Husband prepares car with essentials for nuclear meltdown in local facility in USA and need for fast getaway. Neighbour borrows wheel jack. Husband has spare so he isn't left without one. Family rush off when meltdown starts. Wife fiddles around delaying the need to leave urgently and wants to divert to get relatives but there is no time to lose. They only just squeeze onto congested freeway and escape the city. At petrol station he requires attendant to spill some on ground so he can check it's not water. He leaves empty-headed wife and son with all their money at station and heads out to remote USA with only level-headed family member, the daughter. Can anyone recall the story name or writer?
"Lot", a novelette by Ward Moore; first published in The Magazine of Fantasy and Science Fiction, May 1953, available at the Internet Archive. A sequel, "Lot's Daughter", appeared in The Magazine of Fantasy and Science Fiction, October 1954, also available at the Internet Archive; the two stories were published together in book form as Lot and Lot's Daughter.
It's not a "meltdown at local facility", it's nuclear war. Everything else matches.
In the wake of a nuclear attack, a man puts into effect his well-organized plan to evacuate his family, and comes to realize that not all of them are likely to help with the task, or even not to impede it.
Mr. Jimmon was conscious of Warbinn's glowering at him and resolutely refused to turn his head. He pretended not to hear him yell, "Only wanted to tell you you forgot to pick up your bumper-jack. It's in front of our garage."
Mr. Jimmon’s stomach felt empty. What if he had a flat now? Ruined, condemned. He knew a burning hate for Warbinn — incompetent borrower, bad neighbor, thoughtless, shiftless, criminal. He owed it to himself to leap from the station wagon and seize Warbinn by the throat. . . .
"What did he say, David? What is Mr. Warbinn saying?"
Then he remembered it was the jack from the Buick; the station wagon’s was safely packed where he could get at it easily. Naturally he would never have started out on a trip like this without checking so essential an item. "Nothing," he said, "nothing at all."
[. . . .]
It was 4 when they got to Santa Barbara and Mr. Jimmon faced concerted though unorganized rebellion. Wendell was screaming with stiffness and boredom; Jir remarked casually to no one in particular that Santa Barbara was the place they were going to beat the bottleneck oh yeh; Molly said, Stop at the first clean-looking gas station. Even Erika added, "Yes, Dad, you'll really have to stop."
Mr. Jimmon was appalled. With every second priceless and hordes of panic-stricken refugees pressing behind, they would rob him of all the precious gains he'd made by skill, daring, judgment. Stupidity and shortsightedness. Unbelievable. For their own silly comfort—good lord, did they think they had a monopoly on bodily weaknesses? He was cramped as they and wanted to go as badly. Time and space which could never be made up. Let them lose this half hour and it was quite likely they'd never get out of Santa Barbara.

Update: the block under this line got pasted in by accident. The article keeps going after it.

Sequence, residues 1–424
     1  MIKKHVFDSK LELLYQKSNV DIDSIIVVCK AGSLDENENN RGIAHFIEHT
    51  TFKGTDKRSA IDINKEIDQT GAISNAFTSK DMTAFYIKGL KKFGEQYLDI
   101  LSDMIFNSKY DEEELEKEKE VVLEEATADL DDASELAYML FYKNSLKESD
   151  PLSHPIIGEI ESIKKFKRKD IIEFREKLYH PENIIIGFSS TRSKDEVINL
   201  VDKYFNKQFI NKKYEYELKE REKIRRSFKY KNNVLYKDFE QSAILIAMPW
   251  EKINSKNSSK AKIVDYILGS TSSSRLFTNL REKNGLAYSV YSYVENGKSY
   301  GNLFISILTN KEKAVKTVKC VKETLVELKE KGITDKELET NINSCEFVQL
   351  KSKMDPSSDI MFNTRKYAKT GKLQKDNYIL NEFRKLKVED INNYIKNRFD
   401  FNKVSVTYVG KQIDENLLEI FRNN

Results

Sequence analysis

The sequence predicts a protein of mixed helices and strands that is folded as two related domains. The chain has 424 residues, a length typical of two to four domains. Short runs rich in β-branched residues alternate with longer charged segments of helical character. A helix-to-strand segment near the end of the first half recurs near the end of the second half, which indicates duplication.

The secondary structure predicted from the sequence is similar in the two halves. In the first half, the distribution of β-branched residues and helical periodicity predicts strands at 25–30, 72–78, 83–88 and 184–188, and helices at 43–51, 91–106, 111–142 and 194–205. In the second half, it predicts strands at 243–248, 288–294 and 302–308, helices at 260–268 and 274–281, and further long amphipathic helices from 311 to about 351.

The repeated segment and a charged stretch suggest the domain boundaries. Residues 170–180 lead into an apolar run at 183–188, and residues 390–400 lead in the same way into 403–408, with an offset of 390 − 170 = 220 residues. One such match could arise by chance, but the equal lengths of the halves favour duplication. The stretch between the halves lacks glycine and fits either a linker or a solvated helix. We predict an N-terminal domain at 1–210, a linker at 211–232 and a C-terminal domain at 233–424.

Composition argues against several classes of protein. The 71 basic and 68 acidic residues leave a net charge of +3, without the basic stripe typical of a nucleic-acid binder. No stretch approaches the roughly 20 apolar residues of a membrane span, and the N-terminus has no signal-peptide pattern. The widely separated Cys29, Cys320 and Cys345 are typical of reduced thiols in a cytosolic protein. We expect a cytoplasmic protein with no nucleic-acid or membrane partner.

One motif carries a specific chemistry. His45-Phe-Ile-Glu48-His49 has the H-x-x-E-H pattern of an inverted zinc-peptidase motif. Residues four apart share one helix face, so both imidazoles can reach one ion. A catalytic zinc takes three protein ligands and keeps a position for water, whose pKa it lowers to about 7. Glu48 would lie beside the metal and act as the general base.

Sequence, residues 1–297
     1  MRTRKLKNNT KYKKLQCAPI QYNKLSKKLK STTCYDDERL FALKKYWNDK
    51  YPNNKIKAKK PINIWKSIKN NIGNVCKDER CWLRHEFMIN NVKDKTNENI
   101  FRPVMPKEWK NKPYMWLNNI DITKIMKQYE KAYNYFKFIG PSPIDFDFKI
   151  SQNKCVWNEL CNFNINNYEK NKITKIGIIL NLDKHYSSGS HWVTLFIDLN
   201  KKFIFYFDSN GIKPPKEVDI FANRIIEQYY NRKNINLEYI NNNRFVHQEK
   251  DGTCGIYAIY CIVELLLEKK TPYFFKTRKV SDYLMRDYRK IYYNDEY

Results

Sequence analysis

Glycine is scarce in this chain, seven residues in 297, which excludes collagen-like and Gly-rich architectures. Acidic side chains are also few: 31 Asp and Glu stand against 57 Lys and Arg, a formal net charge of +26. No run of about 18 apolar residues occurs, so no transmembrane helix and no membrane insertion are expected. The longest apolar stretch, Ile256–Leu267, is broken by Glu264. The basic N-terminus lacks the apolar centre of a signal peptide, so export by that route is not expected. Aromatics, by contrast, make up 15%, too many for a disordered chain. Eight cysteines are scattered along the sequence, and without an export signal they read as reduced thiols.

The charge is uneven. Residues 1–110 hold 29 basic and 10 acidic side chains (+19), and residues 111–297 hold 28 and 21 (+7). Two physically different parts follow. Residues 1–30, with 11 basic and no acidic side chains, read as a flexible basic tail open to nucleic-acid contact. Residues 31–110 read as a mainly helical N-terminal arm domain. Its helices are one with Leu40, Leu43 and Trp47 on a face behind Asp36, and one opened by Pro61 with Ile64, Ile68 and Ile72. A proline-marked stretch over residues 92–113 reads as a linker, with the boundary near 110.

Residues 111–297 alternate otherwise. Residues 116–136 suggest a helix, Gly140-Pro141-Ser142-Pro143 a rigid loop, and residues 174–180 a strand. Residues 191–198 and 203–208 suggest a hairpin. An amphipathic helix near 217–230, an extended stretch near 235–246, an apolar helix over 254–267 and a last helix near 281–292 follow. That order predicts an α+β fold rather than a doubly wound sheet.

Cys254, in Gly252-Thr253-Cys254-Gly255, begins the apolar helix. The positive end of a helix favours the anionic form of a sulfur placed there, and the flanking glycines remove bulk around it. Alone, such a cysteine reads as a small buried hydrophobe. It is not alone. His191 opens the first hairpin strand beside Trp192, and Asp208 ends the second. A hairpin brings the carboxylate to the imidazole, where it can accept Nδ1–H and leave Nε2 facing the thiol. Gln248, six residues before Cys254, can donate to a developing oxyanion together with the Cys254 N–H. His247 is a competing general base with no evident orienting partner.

[. . . .]
Furiously Mr. Jimmon determined to preserve the civilization in Erika. [. . .] protect her night and day from the refugees who would be roaming the hills south of Monterey. The rifle ammunition, properly used—and he would see that no one but himself used it—would last years. After it was gone—presuming fragments and pieces of a suicidal world hadn't pulled itself miraculously together to offer a place to return to—there were the two hunting bows whose steel-tipped shafts could stop a man as easily as a deer or mountain lion. He remembered debating long, at the time he had been preparing for It, how many bows to order, measuring their weight and bulk against the other precious freight and deciding at last that two was the satisfactory minimum. It must have been in his subconscious mind all along that of the whole family Erika was the only other person who could be trusted with a bow.
[. . . .]
"Tell you what I'll do. I'll pay for each gallon as you pump it. In advance." He drew out a handful of bills; the bulk of his money was in his wallet, but he'd put the small bills in his pockets. He handed over a five. "Spill the first one on the ground or in a can if you've got one."
Why should I give him ideas? As if he hadn't got them already. "Just call me eccentric," he said. "I don't want the first gallon from the pump. Why should you care? It's just five dollars more profit."
[. . . .]
Mr. Jimmon beckoned his wife around the other side of the wagon, out of sight. Swiftly but casually he extracted the contents of his wallet. The 200 dollar bills made a fat lump. "Put this in your bag," he said. "Tell you why later. Meantime why don't you try and get Pearl and Dan on the phone? See if they're OK?"
[. . . .]
"All right," said Mr. Jimmon. "Get in Erika."
Some of the light shone directly on her face. Again he noted how mature and self-assured she looked. Erika would survive—and not as a savage either. The man started to wipe the windshield. "Oh, Jir," he said casually, "run in and see if your mother is getting her connection. Tell her we'll wait."
"Aw furcrysay, I don't see why I always—"
"And ask her to buy a couple of boxes of candybars if they've got them. Wendell, go with Jir, would you?"
He slid in behind the wheel and closed the door gently. The motor started with hardly a sound. As he put his foot on the clutch and shifted into low he thought Erika turned to him with a startled look. As the station wagon moved forward, he was sure of it.
"It's all right, Erika," said Mr. Jimmon, "I'll explain later."
He'd have lots of time to do it.